View Single Post
Old 02-25-10, 10:50 AM
Senior Member
mechBgon's Avatar
Join Date: Jul 2002
Posts: 6,957
Mentioned: 0 Post(s)
Tagged: 0 Thread(s)
Quoted: 0 Post(s)
Likes: 0
Liked 0 Times in 0 Posts
Good lighting always helps.

Only having to handle the bike once is the ideal, i.e. get the repair ticket, get the bike out once, work on it until completed, and put it away. As opposed to: getting it out, finding that it was not assessed correctly at check-in, reassessing it, making a viable plan, leaving the customer a voicemail, creating a paper trail so other mechanics can pick up the ball if you're not there when the customer calls back, putting the bike away, re-filing the repair ticket, getting out the next repair, then the customer calls back, and you have to pick up where you left off. This is unfortunately a bit too common where I work, and has dire effects on mechanics' productivity, not to mention their morale and the overall team ethic.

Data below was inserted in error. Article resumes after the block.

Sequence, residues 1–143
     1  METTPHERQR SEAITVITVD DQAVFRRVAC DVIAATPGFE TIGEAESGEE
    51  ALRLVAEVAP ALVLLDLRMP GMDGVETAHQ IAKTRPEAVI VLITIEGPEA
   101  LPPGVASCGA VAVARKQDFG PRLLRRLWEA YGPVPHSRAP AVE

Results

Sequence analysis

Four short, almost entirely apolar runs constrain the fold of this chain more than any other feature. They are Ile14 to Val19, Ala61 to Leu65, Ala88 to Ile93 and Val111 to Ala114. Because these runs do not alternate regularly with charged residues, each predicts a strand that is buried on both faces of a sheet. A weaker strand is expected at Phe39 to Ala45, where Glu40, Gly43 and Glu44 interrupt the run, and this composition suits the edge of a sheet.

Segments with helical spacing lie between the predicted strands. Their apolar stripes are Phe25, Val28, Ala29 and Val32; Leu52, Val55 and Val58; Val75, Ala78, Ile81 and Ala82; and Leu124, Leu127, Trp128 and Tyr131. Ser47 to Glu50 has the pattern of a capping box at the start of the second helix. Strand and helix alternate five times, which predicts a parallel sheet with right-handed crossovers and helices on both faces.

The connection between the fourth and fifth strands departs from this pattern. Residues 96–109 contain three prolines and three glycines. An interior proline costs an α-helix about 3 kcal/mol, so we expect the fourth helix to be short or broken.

For some bike-assembly steps, a carefully-used cordless driver may help speed you up on tasks such as removing all the bottle-cage screws for greasing, and stem bolts so you can grease them and install the handlebar. I use a 1/4"-drive adapter in the cordless driver so the driver can drive hex-bit sockets, and have two rows of hex-bit sockets in angled holes in a piece of wood with a strip of wood strategically laid across the face. I can plug the driver into any of the sockets, or use the edge of the wood strip to strip the sockets off the driver one-handed. One row is ball-ended bits, the other's straight-wall. You can see it bolted to the front face of this workbench:

I'm also a fan of flex-head ratchets because in the 90 position they can be used as a speeder for tasks like spinning out the crank bolts on a square-taper or Isis crank. I have three copies of my favorite 3/8"-drive one so I can have three of the most commonly-used sockets on hand (14mm, 15mm deep for driving crank pullers, 8mm hex)without having to switch sockets.

Maybe some more contributions later, I have to get my day going I'll leave you with this one if you use a TS-2 and know a machinist:

Oh, and here's a design for a housing & cable spool holder I designed in trueSpace and built. All the pieces are either 15" or 32" (I used furring strip) and it can hold six "file boxes" of cables & housing of your choice. They'll dispense one-handed, or the file boxes can be lifted out if you need to do at-the-bike work:

Last edited by mechBgon; 02-25-10 at 10:59 AM.
mechBgon is offline